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Heinrich Quincke in 1897 reported the first cases of Idiopathic intracranial hypertension (IIH) shortly after he introduced the lumbar puncture into medicine. It was named pseudotumor cerebri in 1904 but was not well delineated clinically until the 1940's when cerebral angiography was added to pneumoencephalography to identify cases of cerebral mass lesions. Foley coined the term benign intracranial hypertension in 1955 but reports from the 1980's demonstrated a high incidence of visual loss 1) 2) and the term “benign” is no longer appropriate

Parsonage-Turner Syndrome is named after Maurice Parsonage and John Turner and published in The Lancet in 1948 by Parsonage and Turner 3). The condition, subsequently coined Parsonage-Turner Syndrome, had been previously described in the literature as far back as 1897 with many similar clinical presentations of the syndrome reported prior to the extensive study of the syndrome by Parsonage and Turner.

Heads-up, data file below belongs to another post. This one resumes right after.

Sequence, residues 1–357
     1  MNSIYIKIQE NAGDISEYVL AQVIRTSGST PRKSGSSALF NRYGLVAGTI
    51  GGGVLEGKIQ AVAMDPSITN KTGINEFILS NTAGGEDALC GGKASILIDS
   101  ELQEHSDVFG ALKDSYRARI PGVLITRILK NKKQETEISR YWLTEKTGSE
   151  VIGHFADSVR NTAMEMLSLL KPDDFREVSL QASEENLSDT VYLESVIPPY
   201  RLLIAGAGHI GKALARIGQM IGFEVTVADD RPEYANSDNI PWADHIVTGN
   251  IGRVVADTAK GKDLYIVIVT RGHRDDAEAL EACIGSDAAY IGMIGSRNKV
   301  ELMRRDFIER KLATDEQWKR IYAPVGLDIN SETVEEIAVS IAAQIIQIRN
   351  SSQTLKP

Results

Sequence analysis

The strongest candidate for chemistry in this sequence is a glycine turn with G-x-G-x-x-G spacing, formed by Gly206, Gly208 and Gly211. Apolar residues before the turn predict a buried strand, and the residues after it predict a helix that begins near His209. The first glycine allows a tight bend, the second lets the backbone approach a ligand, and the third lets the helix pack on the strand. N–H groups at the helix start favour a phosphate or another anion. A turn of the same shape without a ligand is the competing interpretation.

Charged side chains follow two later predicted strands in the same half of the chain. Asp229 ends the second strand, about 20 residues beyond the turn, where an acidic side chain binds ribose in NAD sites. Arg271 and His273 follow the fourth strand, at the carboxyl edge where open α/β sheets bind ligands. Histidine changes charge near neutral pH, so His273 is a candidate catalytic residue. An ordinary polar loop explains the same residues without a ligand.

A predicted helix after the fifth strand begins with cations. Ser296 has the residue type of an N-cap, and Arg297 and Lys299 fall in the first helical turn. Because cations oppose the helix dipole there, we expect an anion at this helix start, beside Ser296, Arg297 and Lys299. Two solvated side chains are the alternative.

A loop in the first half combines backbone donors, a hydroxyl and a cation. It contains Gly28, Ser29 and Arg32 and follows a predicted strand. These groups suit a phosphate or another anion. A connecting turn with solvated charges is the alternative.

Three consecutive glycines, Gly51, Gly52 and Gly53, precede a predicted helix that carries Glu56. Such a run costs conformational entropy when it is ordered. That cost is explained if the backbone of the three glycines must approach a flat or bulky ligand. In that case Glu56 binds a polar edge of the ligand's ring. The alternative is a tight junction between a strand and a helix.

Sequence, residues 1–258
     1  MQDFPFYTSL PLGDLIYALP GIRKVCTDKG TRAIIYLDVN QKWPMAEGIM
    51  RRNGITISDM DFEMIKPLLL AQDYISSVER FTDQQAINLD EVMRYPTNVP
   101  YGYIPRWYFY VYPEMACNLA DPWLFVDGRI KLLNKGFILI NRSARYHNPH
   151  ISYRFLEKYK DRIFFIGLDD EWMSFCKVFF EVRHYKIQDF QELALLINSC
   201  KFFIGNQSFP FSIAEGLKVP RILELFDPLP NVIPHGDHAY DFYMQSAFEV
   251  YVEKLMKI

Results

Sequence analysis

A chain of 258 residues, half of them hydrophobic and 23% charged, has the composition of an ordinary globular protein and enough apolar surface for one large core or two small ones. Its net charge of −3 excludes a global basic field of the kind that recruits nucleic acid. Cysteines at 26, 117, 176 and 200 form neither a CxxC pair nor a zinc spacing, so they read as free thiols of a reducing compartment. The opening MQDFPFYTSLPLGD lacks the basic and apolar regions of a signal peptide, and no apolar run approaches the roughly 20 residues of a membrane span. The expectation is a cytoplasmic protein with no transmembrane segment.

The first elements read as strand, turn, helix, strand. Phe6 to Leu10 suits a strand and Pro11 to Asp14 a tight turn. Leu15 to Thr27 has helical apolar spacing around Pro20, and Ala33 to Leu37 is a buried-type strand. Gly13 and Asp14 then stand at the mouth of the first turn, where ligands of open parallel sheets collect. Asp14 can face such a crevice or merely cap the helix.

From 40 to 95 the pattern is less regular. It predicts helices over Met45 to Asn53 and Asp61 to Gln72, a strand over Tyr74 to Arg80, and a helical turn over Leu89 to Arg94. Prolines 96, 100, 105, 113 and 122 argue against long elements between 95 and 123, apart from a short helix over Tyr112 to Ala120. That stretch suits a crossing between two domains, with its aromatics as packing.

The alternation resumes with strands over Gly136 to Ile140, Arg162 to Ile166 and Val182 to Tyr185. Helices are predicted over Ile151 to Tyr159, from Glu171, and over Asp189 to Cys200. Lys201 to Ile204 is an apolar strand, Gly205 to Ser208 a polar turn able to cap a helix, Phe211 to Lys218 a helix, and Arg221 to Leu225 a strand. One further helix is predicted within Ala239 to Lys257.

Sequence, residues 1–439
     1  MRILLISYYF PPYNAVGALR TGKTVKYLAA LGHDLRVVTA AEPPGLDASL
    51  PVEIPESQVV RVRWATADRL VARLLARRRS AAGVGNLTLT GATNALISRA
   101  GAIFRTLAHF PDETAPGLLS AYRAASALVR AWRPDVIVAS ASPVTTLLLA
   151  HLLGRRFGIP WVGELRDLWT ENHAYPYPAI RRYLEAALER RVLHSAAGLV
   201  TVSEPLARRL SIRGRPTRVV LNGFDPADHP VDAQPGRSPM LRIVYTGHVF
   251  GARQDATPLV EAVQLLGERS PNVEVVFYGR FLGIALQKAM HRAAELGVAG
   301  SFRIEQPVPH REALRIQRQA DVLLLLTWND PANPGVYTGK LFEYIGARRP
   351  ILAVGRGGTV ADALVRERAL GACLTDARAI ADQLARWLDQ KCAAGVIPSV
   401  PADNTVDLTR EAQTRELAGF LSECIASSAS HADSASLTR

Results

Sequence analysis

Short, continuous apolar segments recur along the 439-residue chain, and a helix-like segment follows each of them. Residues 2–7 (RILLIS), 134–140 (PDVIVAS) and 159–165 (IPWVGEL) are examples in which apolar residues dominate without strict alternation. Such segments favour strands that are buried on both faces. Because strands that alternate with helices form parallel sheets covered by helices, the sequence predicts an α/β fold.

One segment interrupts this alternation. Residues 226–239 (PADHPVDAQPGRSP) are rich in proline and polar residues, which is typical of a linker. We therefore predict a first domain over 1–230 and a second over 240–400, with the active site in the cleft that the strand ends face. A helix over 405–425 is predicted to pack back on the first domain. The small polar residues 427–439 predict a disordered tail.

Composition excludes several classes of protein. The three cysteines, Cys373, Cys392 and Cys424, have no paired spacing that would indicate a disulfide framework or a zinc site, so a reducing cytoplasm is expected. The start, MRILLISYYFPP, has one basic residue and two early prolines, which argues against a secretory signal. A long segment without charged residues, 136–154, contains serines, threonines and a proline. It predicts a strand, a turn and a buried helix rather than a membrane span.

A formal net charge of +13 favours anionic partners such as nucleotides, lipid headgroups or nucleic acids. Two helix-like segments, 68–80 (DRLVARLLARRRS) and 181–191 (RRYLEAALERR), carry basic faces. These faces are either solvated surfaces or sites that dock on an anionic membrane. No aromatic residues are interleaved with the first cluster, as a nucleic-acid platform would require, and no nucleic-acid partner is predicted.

Corbett JJ, Savino PJ, Thompson HS, et al. Visual loss in pseudotumor cerebri. Follow-up of 57 patients from five to 41 years and a profile of 14 patients with permanent severe visual loss. Arch Neurol. 1982;39:461–474.
Wall M, Hart WM, Jr., Burde RM. Visual field defects in idiopathic intracranial hypertension (pseudotumor cerebri) Am J Ophthalmol. 1983;96:654–669.
PARSONAGE MJ, TURNER JW. Neuralgic amyotrophy; the shoulder-girdle syndrome. Lancet. 1948 Jun 26;1(6513):973-8. PubMed PMID: 18866299
1897.txt · Last modified: 2020/02/02 18:47 by administrador